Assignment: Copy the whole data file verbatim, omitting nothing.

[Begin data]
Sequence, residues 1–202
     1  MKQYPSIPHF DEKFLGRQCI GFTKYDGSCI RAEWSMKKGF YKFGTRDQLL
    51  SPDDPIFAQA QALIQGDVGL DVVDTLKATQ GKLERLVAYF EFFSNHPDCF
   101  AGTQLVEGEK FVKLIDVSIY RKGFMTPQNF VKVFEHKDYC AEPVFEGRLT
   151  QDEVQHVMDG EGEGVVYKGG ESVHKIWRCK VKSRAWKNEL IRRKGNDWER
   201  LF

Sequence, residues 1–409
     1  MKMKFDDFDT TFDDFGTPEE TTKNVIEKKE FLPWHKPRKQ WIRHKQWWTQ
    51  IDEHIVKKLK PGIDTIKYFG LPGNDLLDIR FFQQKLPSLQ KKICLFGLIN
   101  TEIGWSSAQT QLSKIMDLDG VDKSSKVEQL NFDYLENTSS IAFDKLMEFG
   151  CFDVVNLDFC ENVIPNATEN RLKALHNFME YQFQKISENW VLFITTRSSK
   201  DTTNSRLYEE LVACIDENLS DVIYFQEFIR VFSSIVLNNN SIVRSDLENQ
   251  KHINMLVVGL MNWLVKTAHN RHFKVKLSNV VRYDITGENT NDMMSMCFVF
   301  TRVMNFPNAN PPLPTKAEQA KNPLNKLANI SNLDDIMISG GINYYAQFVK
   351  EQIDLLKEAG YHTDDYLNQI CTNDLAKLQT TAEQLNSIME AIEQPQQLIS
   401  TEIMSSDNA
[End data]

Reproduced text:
Sequence, residues 1–202
     1  MKQYPSIPHF DEKFLGRQCI GFTKYDGSCI RAEWSMKKGF YKFGTRDQLL
    51  SPDDPIFAQA QALIQGDVGL DVVDTLKATQ GKLERLVAYF EFFSNHPDCF
   101  AGTQLVEGEK FVKLIDVSIY RKGFMTPQNF VKVFEHKDYC AEPVFEGRLT
   151  QDEVQHVMDG EGEGVVYKGG ESVHKIWRCK VKSRAWKNEL IRRKGNDWER
   201  LF

Sequence, residues 1–409
     1  MKMKFDDFDT TFDDFGTPEE TTKNVIEKKE FLPWHKPRKQ WIRHKQWWTQ
    51  IDEHIVKKLK PGIDTIKYFG LPGNDLLDIR FFQQKLPSLQ KKICLFGLIN
   101  TEIGWSSAQT QLSKIMDLDG VDKSSKVEQL NFDYLENTSS IAFDKLMEFG
   151  CFDVVNLDFC ENVIPNATEN RLKALHNFME YQFQKISENW VLFITTRSSK
   201  DTTNSRLYEE LVACIDENLS DVIYFQEFIR VFSSIVLNNN SIVRSDLENQ
   251  KHINMLVVGL MNWLVKTAHN RHFKVKLSNV VRYDITGENT NDMMSMCFVF
   301  TRVMNFPNAN PPLPTKAEQA KNPLNKLANI SNLDDIMISG GINYYAQFVK
   351  EQIDLLKEAG YHTDDYLNQI CTNDLAKLQT TAEQLNSIME AIEQPQQLIS
   401  TEIMSSDNA